AMD vs Intel The Register has joined several other news organizations in a bid to make court records related to AMD's ongoing anti-trust lawsuit against Intel public.
Earlier this week, Situation Publishing - The Register's publisher - and the New York Times, Washington Post and Dow Jones & Co. filed a motion telling a Delaware court that certain records in the anti-trust case were being unnecessarily sealed. We're looking for all non-confidential information to make its way to the public, so that embarrassments in redaction such as this can be avoided.
AMD is understandably not too bothered by the motion, since presumably the juiciest bits in its lawsuit against Intel are those that the various parties are trying to free.
"AMD is aware that interested third parties, including major media organizations, have filed a motion with the court seeking to unseal various documents that the parties to the AMD v Intel U.S. antitrust suit filed under the protective order in that case. AMD does not oppose the motion," the company said rather bluntly.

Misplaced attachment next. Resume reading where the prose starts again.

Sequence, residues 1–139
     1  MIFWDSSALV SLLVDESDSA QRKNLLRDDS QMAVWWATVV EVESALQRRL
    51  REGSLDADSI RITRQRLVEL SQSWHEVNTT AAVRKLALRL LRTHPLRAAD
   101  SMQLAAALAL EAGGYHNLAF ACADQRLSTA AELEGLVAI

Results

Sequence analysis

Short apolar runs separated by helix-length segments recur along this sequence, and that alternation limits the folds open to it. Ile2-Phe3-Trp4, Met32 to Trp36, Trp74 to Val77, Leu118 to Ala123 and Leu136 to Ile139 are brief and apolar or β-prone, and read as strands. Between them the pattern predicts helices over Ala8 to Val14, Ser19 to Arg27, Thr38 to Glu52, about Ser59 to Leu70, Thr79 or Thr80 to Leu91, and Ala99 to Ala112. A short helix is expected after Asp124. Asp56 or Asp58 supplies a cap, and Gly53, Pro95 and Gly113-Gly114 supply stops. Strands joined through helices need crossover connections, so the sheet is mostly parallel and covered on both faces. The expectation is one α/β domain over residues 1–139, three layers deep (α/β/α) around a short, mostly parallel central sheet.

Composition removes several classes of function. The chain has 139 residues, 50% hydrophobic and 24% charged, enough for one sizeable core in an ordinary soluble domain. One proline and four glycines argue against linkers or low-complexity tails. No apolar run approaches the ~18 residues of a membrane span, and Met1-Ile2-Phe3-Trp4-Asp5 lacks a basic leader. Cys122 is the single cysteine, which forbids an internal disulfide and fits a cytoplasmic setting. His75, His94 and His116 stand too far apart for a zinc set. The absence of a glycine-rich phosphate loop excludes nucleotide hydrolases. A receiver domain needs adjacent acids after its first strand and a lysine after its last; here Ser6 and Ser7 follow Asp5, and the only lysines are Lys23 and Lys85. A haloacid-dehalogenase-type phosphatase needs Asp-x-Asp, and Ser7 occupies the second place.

For its part, Intel has sent a letter "indicating that we would like to cooperate with their requirements," said spokesman Chuck Mulloy. "However, it is a very complex matter with more parties than Intel and AMD involved, including scores of third parties . . . We thought it would be reasonable to sit down and talk to them about it.
"We are a bit surprised by the motion."
Some of the third parities involved include major technology companies such as HP, Dell and IBM. Intel's historic pricing and marketing practices with these companies are being scrutinized as part of AMD's allegations that Intel manipulated PC and server makers effectively into boycotting AMD chips.
"We believe that Intel needs to make a serious effort to review its documents and limit its redactions to those which are absolutely necessary, which we do not believe they have done so far," said David Finger of Finger & Slanina, LLC, the law firm representing the media companies and advocacy groups in this matter.
Due to a backlog of cases at the Delaware court, it's unclear when the motion to free up the information will be addressed. ®